World Gets Ready For Trump and Putin's First Meeting


WASHINGTON — President Trump’s first face-to-face meeting with Russian President Vladimir Putin Friday will be brimming with global intrigue, but the White House says there’s “no specific agenda.” So in the absence of a set list of topics, what are two of the world’s most famously unpredictable leaders to discuss?

The two leaders will sit down in Hamburg, Germany, on the sidelines of a Group of 20 summit of leading rich and developing nations. Ahead of the meeting, Russian Ambassador Sergey Kislyak met Monday in Washington with the No. 3 U.S. diplomat, Thomas Shannon, to prepare.

Here’s a look at what Trump and Putin could address:

Election hacking

Trump has been reluctant to publicly and directly acknowledge Russia’s role in meddling in the U.S. election, out of apparent concern it undermines the legitimacy of his win. He’s also insisted there was no collusion with him or his campaign, a conclusion that U.S. investigators have not yet reached.

U.S. officials say Russia tried to hack election systems in 21 states and to sway the election for Trump, a level of interference in the U.S. political system that security experts say represents a top-level threat that should command a forceful response from the U.S. Putin has denied all this.

Russia’s wish list

Russia has been especially vocal about its chief demand: the return of two properties it owns in the U.S. that were seized by the Obama administration as punishment for Russian meddling in the 2016 election. The recreational compounds are located in Oyster Bay, N.Y., on Long Island, and along the Corsica River in the Eastern Shore region of Maryland.

On Monday, Putin’s foreign affairs adviser, Yuri Ushakov, said Russia had been remarkably restrained by declining to retaliate but that its patience was running out. If the U.S. doesn’t soon give back the compounds, also known as dachas, Moscow will have no choice but to retaliate, Ushakov said.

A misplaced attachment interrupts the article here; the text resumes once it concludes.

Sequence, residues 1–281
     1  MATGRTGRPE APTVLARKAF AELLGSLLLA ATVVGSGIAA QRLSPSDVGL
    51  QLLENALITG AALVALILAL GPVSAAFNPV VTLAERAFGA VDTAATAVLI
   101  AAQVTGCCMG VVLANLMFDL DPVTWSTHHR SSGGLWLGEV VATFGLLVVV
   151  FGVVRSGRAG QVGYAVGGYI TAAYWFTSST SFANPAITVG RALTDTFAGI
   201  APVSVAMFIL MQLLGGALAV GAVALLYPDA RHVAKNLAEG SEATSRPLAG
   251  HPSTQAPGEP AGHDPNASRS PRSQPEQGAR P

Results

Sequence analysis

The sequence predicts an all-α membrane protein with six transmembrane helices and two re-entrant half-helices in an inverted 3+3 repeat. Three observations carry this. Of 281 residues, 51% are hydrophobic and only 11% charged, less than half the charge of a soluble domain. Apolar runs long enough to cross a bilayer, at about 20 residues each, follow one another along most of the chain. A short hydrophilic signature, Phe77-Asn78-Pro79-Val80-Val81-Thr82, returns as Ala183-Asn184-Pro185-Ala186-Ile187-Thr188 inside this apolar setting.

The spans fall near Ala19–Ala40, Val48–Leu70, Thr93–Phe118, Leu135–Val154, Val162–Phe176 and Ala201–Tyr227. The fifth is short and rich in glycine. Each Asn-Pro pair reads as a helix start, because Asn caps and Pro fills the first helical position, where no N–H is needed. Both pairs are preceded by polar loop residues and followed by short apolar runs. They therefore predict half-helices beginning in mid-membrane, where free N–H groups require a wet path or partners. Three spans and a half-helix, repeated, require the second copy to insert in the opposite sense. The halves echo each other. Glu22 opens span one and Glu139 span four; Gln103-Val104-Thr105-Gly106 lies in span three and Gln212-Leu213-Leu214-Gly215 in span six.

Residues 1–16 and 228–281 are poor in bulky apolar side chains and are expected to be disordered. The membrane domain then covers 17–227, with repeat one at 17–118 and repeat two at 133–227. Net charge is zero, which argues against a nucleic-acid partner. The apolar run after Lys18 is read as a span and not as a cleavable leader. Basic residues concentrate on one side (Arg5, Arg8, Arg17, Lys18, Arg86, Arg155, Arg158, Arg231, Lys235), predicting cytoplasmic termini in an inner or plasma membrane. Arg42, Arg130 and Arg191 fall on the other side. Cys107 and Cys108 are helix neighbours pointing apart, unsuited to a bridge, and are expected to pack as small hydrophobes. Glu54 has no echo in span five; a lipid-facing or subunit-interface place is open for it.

U.S. demands

The U.S. has its own list, topped by a resumption of adoptions of Russian children by American parents, which Russia banned in late 2012; an end to what it says is intensifying harassment of U.S. diplomats and other officials in Russia; and a resolution to a dispute over a piece of land in St. Petersburg that was meant to be the site of a new U.S. consulate in Russia’s second-largest city. The U.S. also wants expanded cultural and exchange programs between the two countries.

Ukraine sanctions

Moscow has long sought an easing of economic sanctions the U.S. slapped on Russia over its actions in eastern Ukraine and annexation of Crimea, which the U.S. does not recognize. Though there were indications that Trump’s aides entertained easing the sanctions in the run-up to the inauguration and early days of his presidency, his administration has repeatedly insisted that they will stay in place until Russia pulls out of Crimea and lives up to its commitments under a cease-fire deal for eastern Ukraine that has never been fully implemented.

Syria

Eager to bolster his global legitimacy, Putin has been pressing the U.S. to cooperate militarily with Russia in Syria, where both Moscow and Washington oppose the Islamic State group but disagree about Syrian President Bashar Assad. Though defense laws passed in the wake of the Ukraine crisis bar the U.S. military from cooperating with Russia, the two have maintained a “deconfliction” hotline to ensure their forces don’t accidentally collide on the crowded Syrian battlefield.

Read the full Associated Press story at Boston Herald


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